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And even then Graham would be operating on only the nature side of the equation: he had no control over nurture-schools, upbringing, parents. The Nobel sperm bank kids, I realized, were messengers from our future. We are on the brink of the age of genetic expectations. Successful fathers had successful sons. This, Galton claimed, proved that God-given abilities were passed from one generation to the next. It did not concern Galton that in Victorian England, advantages of birth, wealth, and education might have given the sons of famous men a career boost.

How they longed to cut!

Straight Shot (K. W. Jeter Suspense & Thriller Books, book 16) by K W Jeter

Of course, most of the purportedly genetic ailments developed by eugenicists were not, in fact, genetic in origin. All of those are highly heritable and many genetic variants for them have been found, particularly alcoholism, insanity presumably schizophrenia , and deafness. Oddly, another trait that doctors sometimes tried to match was religion, as though it had some genetic component.

And even if they had been genetic, sterilization would have been a hopelessly bad cure for them. It would have taken literally thousands of generations of mass sterilization to significantly reduce the incidence of genetic diseases. At the time, sperm collection was practically the only widely available fertility treatment that worked. Social science research was beginning to show that intelligence was at least partly heritable. I was particularly struck by. He discussed incendiary topics in a bizarre manner - exactly as if he were summarizing the latest advances in semiconductor research.

He was the iceman.

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He had no particular feelings for blacks one way or another. He hardly knew any blacks. To him, his racial conclusions were simply the logical outcome of a train of thought. As far as he was concerned, once he started to address human quality, he would follow its logic wherever it took him. In his mind, his conclusions had nothing to do with any actual black person; he was simply making an irrefutable point. One might think that in discussing a highly controversial and highly important topic, being dispassionate, having no personal grievances, and attempting to hew strictly to the science and logic would be laudable.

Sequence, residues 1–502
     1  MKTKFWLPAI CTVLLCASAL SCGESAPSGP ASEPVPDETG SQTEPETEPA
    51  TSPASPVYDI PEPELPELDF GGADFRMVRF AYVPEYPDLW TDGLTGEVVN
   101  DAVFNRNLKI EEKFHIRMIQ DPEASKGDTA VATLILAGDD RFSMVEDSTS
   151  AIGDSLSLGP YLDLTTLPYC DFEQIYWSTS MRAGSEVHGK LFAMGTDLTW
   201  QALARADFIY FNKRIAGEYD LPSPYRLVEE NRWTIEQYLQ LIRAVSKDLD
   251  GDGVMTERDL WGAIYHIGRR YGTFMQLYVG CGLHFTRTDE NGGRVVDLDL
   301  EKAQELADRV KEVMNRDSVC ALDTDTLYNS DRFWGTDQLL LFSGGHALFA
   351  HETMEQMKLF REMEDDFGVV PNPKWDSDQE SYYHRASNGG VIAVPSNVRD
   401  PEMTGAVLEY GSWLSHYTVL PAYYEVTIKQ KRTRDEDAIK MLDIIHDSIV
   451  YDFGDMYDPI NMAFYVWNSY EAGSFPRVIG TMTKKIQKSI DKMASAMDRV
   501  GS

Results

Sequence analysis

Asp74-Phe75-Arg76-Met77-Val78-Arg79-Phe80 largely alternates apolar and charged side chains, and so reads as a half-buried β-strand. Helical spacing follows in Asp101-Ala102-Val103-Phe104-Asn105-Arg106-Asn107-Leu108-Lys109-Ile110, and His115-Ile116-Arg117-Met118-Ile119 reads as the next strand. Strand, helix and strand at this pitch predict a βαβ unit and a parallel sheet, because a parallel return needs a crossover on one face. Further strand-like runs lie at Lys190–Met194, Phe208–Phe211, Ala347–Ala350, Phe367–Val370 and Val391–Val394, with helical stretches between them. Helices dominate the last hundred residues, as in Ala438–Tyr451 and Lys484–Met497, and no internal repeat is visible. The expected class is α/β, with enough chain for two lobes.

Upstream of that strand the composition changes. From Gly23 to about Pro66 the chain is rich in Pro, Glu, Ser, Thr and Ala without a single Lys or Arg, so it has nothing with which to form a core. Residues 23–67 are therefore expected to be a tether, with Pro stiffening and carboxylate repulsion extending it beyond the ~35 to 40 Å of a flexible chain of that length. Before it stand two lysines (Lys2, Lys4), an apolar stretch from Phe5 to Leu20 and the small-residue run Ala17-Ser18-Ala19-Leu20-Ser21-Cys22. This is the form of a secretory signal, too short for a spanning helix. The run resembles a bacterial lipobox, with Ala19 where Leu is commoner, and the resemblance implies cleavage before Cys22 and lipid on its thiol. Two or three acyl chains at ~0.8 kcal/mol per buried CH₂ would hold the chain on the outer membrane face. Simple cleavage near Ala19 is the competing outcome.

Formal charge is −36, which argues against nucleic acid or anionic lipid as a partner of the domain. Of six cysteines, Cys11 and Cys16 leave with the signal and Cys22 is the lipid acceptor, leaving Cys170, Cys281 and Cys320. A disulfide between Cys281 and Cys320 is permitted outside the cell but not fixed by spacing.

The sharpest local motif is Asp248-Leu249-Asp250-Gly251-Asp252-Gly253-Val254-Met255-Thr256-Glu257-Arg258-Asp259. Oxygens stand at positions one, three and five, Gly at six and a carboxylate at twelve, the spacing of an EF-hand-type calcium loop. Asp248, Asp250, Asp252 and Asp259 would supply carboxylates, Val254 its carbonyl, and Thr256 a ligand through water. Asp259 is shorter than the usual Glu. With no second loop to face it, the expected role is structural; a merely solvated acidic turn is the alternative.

Apparently not. Shockley thought he could prove to blacks that whiteness led to intelligence. He asked NAACP leader Roger Wilkins to help him collect blood samples from members of the Congressional Black Caucus and other celebrated blacks, on the grounds that these accomplished people would surely prove to be significantly white. When Wilkins rejected him furiously, Shockley suggested that Stanford blood-test its five hundred black students. You can imagine how well that went over on campus.

Straight Shot (K. W. Jeter Suspense & Thriller Books Book 16) Straight Shot (K. W. Jeter Suspense & Thriller Books Book 16)
Straight Shot (K. W. Jeter Suspense & Thriller Books Book 16) Straight Shot (K. W. Jeter Suspense & Thriller Books Book 16)
Straight Shot (K. W. Jeter Suspense & Thriller Books Book 16) Straight Shot (K. W. Jeter Suspense & Thriller Books Book 16)
Straight Shot (K. W. Jeter Suspense & Thriller Books Book 16) Straight Shot (K. W. Jeter Suspense & Thriller Books Book 16)
Straight Shot (K. W. Jeter Suspense & Thriller Books Book 16) Straight Shot (K. W. Jeter Suspense & Thriller Books Book 16)
Straight Shot (K. W. Jeter Suspense & Thriller Books Book 16) Straight Shot (K. W. Jeter Suspense & Thriller Books Book 16)
Straight Shot (K. W. Jeter Suspense & Thriller Books Book 16) Straight Shot (K. W. Jeter Suspense & Thriller Books Book 16)
Straight Shot (K. W. Jeter Suspense & Thriller Books Book 16) Straight Shot (K. W. Jeter Suspense & Thriller Books Book 16)